'It's Cannes, Jim, but not as we know it'


Have you heard? Cannes is changing. In a bid to keep pace with a world that reinvents itself every three months, they have been doing some housekeeping. New Lions are being introduced, and some old favourites are being retired.

One of the Lions being put out to pasture is the Cyber Lion. Cyber, it seems, is old hat now, and it wasn’t ‘new hat’ for very long at all. According to the Merriam-Webster dictionary, the word first came into use in 1992, the same year that saw other achingly modern terms such as ‘homepage’ and ‘HTML’. It’s hard to believe that in 1992 you could have told somebody about your home- page and they would have asked “what’s that?”.
In truth it is the analogue world that is being retired. There may still be a few places left where you have an old man with a bucket of paste putting up posters made of paper, but there can’t be many.
About the only thing we can predict with confidence about this new world is that there will be far more women represented and people of colour. Make no mistake, there will be more in the jury room and in your creative organisations. The momentum in this direction is now unstoppable, and quite right too. Enough talking already. Let’s go to it. One of the new Lions is Social and Influencer. This is timely because one of the more interesting stories to hit the radar recently was the meteoric rise of one particular influencer called Lil Miquela. She’s huge on Instagram, with over a million followers. She hit the headlines when another influencer, called Bermuda, accused Lil Miquela of not being real. This upset Lil Miquela, because she assumed she was real. It turned out Bermuda was right: Lil Miquela is a totally artificial digital avatar. But then so is Bermuda. It’s a bit like Westworld: it’s hard to tell who is an android ‘host’ and who a human ‘visitor’. But then, as one Westworld ‘host’ said, “If you can’t tell the difference, does it matter if I’m real or not?”. Certainly Lil Miquela’s Instagram followers don’t seem to care. Another new Cannes Lions recognises e-commerce. The pace of change here makes a tsunami look slow. Ask most people and they will guess that the biggest player in the category is Amazon. But China’s Alibaba is twice the size. The Chinese equivalent of Black Friday is Singles Day, held on November 11. In 2017 an astonish- ing$25bnwasspentinoneday.It was bigger than Black Friday and Cyber Monday combined. Crazy or what?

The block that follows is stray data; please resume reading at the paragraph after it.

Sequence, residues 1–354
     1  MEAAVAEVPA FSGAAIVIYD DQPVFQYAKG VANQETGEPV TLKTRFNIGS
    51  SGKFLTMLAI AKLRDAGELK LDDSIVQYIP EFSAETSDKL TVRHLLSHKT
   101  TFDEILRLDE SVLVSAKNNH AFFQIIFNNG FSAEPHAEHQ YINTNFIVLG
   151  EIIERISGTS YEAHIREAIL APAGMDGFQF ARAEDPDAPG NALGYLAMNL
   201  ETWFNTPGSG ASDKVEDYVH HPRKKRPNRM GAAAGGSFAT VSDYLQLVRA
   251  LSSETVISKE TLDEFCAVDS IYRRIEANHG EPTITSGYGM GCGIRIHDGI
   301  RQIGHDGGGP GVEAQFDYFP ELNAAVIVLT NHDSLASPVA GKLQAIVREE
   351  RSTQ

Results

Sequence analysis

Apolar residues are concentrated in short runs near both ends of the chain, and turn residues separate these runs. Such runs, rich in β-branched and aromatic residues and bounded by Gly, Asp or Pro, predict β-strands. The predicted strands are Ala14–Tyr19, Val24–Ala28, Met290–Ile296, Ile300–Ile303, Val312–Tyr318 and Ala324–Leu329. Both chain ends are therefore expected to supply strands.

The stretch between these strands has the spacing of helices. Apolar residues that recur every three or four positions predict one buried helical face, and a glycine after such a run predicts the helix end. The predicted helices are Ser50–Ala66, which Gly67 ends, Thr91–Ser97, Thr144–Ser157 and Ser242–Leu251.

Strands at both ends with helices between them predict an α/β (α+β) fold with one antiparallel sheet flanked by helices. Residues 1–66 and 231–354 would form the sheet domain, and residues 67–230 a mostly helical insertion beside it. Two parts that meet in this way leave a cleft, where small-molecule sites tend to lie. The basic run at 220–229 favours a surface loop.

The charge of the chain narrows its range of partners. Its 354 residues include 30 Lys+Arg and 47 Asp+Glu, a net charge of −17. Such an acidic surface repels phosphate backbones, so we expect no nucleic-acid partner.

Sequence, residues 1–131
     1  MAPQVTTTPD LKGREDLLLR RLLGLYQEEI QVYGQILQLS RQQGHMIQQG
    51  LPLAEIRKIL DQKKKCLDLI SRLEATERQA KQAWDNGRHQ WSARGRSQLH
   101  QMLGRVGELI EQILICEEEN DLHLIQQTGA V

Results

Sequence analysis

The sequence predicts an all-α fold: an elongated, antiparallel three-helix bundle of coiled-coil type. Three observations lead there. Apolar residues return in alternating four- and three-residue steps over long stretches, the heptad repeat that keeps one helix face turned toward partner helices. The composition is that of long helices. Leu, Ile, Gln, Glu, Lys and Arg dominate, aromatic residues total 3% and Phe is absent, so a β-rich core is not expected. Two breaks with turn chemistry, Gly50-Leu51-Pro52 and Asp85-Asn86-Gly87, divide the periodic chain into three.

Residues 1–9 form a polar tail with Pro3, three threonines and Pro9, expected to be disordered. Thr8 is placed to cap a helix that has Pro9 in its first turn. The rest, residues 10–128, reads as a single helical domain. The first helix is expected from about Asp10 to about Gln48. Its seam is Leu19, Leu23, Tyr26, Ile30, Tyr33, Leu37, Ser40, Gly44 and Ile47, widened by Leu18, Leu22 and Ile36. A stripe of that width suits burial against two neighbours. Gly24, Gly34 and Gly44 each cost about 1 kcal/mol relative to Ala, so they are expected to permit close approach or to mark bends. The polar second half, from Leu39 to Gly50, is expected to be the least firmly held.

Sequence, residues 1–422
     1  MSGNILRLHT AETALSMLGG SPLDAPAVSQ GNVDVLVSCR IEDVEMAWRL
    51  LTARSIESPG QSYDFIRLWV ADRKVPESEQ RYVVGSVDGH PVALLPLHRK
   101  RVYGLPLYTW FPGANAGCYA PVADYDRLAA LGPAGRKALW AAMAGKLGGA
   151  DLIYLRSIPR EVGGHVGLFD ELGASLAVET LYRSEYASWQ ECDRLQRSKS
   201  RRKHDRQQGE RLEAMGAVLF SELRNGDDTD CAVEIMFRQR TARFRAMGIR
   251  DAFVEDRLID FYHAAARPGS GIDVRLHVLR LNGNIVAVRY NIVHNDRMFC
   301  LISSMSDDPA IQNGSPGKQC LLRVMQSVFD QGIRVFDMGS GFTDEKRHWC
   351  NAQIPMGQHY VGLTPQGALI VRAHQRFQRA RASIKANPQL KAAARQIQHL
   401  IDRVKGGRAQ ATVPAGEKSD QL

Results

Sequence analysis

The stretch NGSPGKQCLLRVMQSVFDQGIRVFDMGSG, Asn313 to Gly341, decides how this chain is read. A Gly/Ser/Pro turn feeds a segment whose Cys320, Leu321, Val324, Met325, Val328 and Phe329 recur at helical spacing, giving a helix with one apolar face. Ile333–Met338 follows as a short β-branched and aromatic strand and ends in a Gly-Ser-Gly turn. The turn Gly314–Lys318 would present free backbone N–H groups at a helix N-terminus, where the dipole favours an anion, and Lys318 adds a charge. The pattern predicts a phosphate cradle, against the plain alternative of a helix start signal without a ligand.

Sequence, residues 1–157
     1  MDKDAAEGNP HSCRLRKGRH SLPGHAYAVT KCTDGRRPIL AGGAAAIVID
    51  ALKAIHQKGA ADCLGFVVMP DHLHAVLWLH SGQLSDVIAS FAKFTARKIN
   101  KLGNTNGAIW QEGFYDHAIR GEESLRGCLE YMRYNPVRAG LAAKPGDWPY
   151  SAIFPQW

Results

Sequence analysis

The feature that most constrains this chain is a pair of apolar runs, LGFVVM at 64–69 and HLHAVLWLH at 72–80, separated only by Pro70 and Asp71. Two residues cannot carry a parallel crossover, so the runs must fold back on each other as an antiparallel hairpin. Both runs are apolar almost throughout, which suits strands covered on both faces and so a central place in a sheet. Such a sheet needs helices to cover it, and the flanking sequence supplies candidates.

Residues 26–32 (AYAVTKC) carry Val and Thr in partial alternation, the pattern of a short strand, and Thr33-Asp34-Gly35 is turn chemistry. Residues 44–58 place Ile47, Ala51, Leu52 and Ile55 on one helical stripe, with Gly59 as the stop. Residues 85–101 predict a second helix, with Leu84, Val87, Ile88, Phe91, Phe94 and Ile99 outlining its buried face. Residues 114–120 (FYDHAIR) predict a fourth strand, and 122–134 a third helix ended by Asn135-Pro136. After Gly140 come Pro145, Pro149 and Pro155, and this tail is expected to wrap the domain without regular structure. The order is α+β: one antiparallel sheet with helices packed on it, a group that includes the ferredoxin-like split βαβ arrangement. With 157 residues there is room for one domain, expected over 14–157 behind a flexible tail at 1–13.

It seems to me we are seeing the end of traditional advertising and moving into a role that is harder to define. In future it looks like we may become purveyors of branded dreams. Brands will be tempting us with digitally created 3D immersive experiences.
Amazon is working on a project called Sumerian which will offer us the ability to create 3D VR worlds using a drag-and-drop interface in our own browser window. But 3D headsets may be just an interim solution, soon to be retired along with the Cyber Lion. Facebook is already trying to figure out a way of typing using thought control. The stage beyond that is BCI, or Brain-Computer Interface.
You will no longer be shown ads, they will just emerge in your consciousness. It means that you can have other people’s experiences, fully authentic and believable. From giving birth to travelling in space, or falling in love. Or how about achieving, in seconds, the deep Zen meditative state that leads to Nirvana? Brought to you in business class on Japan Airlines.
This strikes me as good news for ad people. Form most of our lives there was one downside to working in advertising: a lot of people found us annoying. We lied about our profession at parties.
Imagine how different it would be if you handed out a business card that said branded dream imagineer. People would say, “Oh wow! Which ones have you done?”, or “Have you got the instant Zen Nirvana one?”. Our wares might become more appealing than the movies traditionally screened at Cannes the month before we arrive. Wouldn’t that be something! As a famous pointy-eared Vulcan might say, “It’s Cannes Jim, but not as we know it.” And in the background a voice booms: “Live long and prosper”.

Harriet Palmer